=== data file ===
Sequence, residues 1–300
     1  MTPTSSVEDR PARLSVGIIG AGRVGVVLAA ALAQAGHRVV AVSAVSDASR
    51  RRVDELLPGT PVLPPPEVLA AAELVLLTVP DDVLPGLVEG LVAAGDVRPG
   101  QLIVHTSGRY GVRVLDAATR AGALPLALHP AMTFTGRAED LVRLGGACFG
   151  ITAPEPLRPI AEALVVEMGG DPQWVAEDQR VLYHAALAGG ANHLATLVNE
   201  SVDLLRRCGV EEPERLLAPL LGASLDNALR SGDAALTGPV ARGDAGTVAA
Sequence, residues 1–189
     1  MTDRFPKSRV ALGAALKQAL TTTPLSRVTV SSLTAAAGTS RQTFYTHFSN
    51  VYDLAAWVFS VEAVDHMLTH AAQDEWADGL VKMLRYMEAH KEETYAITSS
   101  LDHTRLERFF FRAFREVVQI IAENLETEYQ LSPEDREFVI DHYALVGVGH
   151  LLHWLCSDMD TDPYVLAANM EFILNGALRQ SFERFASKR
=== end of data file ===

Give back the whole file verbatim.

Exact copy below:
Sequence, residues 1–300
     1  MTPTSSVEDR PARLSVGIIG AGRVGVVLAA ALAQAGHRVV AVSAVSDASR
    51  RRVDELLPGT PVLPPPEVLA AAELVLLTVP DDVLPGLVEG LVAAGDVRPG
   101  QLIVHTSGRY GVRVLDAATR AGALPLALHP AMTFTGRAED LVRLGGACFG
   151  ITAPEPLRPI AEALVVEMGG DPQWVAEDQR VLYHAALAGG ANHLATLVNE
   201  SVDLLRRCGV EEPERLLAPL LGASLDNALR SGDAALTGPV ARGDAGTVAA
Sequence, residues 1–189
     1  MTDRFPKSRV ALGAALKQAL TTTPLSRVTV SSLTAAAGTS RQTFYTHFSN
    51  VYDLAAWVFS VEAVDHMLTH AAQDEWADGL VKMLRYMEAH KEETYAITSS
   101  LDHTRLERFF FRAFREVVQI IAENLETEYQ LSPEDREFVI DHYALVGVGH
   151  LLHWLCSDMD TDPYVLAANM EFILNGALRQ SFERFASKR